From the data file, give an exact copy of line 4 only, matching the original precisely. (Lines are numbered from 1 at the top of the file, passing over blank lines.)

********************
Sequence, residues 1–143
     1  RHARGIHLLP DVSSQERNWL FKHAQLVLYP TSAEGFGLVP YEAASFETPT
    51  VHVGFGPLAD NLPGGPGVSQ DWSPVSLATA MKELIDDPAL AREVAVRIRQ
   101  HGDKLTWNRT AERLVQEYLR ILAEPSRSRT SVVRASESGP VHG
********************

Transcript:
   101  HGDKLTWNRT AERLVQEYLR ILAEPSRSRT SVVRASESGP VHG